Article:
How would you like to get paid for your speeches? Frankly, I never have thought about it. Yet, this month I went to Israel to deliver four 1.5 hours lectures. To someone who still is not completely free of stuttering, this is a big accomplishment. It is a big accomplishment even for those who never have stuttered. So what lessons I have learned?
First of all, I agree with a wonderful Patricia Fripp that nobody get paid just because they are good at speaking. People pay for your expertise, for something that you happen to know and they need to learn. Taking this into account, an ability to deliver an engaging speech is a big plus.
I went to Israel to deliver talks about science in skin care – this is an area in which I am an expert. Long time ago my friend, Elena Hernandez and I started a Russian journal dedicated to cosmetic science. At this time in Russia there were plenty of newly founded cosmetic companies and very little understanding how all these modern cosmetic ingredients work. Armed with our medical and biological education and being able to read scientific papers in English, we were able to bring this knowledge to Russia. Now as a private consultant to cosmetic companies, I am still regarded as an expert on this subject.., at least in Russia.
Well, you may ask, what Israel and Russia have in common? I will say, “people”. I delivered my talks to a large audience of Russian-speaking cosmetologists – some of them came from Russia just to hear me speak and some came from Russia long time ago.
My main impression – Speaking is fun. The more I speak, the more I love it. Another thought – it would be even more fun have I prepared better. Don’t get me wrong – I prepared the material, and I prepared the slides, but I didn’t have enough time to really rehearse the speeches as I do with my 5-7 talks in Toastmasters. It is one thing to find 10-20 five to seven minutes intervals and another – to rehearse 6 hours worth of materials in less then two months, during which I had to deal with many other things. So here is something to remember – if you stutter or stuttered, make sure you will have time to rehearse. Delivered material that is tightly written and that rolls of the tongue is so much easier.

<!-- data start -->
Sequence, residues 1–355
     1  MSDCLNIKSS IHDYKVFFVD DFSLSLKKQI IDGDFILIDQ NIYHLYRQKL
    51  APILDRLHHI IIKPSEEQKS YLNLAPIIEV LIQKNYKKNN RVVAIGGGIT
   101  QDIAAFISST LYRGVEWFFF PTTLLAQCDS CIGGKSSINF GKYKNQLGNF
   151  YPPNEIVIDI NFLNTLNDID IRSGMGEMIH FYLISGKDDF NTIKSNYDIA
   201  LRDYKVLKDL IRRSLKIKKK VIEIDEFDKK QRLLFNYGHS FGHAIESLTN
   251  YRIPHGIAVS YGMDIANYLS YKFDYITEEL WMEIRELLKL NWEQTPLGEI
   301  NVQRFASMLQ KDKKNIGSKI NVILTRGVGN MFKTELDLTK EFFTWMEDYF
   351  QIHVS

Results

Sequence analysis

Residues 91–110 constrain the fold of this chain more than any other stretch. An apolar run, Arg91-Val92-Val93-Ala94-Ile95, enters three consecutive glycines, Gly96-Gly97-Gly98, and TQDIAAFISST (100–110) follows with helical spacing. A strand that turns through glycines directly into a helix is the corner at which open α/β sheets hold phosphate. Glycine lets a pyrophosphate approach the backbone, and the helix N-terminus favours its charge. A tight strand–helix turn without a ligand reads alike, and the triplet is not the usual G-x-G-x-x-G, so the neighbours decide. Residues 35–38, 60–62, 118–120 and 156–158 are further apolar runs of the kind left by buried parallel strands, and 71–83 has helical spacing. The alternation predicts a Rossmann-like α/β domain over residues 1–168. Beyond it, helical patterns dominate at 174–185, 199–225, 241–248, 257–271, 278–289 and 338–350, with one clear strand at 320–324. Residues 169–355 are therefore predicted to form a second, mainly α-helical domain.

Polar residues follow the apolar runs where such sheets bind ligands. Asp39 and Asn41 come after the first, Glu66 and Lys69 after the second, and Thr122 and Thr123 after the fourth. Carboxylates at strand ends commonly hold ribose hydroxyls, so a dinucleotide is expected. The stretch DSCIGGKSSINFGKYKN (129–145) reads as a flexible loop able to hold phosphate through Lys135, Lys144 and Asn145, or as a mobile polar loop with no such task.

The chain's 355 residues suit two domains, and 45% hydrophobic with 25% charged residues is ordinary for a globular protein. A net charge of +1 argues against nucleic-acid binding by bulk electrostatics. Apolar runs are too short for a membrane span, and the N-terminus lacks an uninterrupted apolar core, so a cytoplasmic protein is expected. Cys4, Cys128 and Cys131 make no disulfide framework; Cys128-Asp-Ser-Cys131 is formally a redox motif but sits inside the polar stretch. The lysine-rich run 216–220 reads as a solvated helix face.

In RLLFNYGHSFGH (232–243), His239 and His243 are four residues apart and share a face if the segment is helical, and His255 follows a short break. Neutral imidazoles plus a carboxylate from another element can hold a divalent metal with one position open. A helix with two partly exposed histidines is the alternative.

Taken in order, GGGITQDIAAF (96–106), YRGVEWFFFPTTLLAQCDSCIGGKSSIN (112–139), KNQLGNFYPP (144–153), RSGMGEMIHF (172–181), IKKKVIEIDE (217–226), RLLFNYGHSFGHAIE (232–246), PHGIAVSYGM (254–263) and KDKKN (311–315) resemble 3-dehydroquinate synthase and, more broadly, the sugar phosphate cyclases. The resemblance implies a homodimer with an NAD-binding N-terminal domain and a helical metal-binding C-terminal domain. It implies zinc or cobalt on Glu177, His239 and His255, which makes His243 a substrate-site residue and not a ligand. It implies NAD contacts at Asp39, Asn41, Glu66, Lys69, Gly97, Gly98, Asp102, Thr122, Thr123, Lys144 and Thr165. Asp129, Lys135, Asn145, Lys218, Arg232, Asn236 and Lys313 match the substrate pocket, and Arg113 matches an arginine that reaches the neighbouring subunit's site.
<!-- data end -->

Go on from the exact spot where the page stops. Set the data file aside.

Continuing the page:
However, lesson two. If for some reason you (just like) weren’t able to invest in rehearsing – just let it go and have fun. When after an impressive stretch of free-flowing speech I would come to a stumbling point, I would joke about it or simply tell the audience – “Ok, now it is your time to talk, let’s see what points you can recall.” Or I would ask a question or do some activity. If I haven’t had all those years in Toastmasters and improvisation classes, I would certainly lose my coolness. So lesson three – don’t skip steps. Being invited to speak was flattering, however, it was all this preparatory work that made it so enjoyable.
All in all, I loved the experience. It was definitely a challenge, but what is life without challenges.